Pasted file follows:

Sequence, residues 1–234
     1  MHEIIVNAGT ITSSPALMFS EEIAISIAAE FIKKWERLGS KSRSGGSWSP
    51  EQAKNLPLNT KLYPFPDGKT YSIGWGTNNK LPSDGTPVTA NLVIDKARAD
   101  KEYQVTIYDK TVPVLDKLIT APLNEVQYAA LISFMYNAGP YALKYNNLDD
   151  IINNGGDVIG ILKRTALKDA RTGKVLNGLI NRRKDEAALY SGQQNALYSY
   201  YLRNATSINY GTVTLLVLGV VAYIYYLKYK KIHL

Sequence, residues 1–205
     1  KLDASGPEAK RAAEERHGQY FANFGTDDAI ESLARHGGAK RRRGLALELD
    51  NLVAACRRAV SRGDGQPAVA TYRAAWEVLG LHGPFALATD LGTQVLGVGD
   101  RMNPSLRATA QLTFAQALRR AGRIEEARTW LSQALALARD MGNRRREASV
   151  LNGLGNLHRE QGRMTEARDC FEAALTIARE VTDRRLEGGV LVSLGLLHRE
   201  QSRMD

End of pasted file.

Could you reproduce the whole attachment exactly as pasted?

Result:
Sequence, residues 1–234
     1  MHEIIVNAGT ITSSPALMFS EEIAISIAAE FIKKWERLGS KSRSGGSWSP
    51  EQAKNLPLNT KLYPFPDGKT YSIGWGTNNK LPSDGTPVTA NLVIDKARAD
   101  KEYQVTIYDK TVPVLDKLIT APLNEVQYAA LISFMYNAGP YALKYNNLDD
   151  IINNGGDVIG ILKRTALKDA RTGKVLNGLI NRRKDEAALY SGQQNALYSY
   201  YLRNATSINY GTVTLLVLGV VAYIYYLKYK KIHL

Sequence, residues 1–205
     1  KLDASGPEAK RAAEERHGQY FANFGTDDAI ESLARHGGAK RRRGLALELD
    51  NLVAACRRAV SRGDGQPAVA TYRAAWEVLG LHGPFALATD LGTQVLGVGD
   101  RMNPSLRATA QLTFAQALRR AGRIEEARTW LSQALALARD MGNRRREASV
   151  LNGLGNLHRE QGRMTEARDC FEAALTIARE VTDRRLEGGV LVSLGLLHRE
   201  QSRMD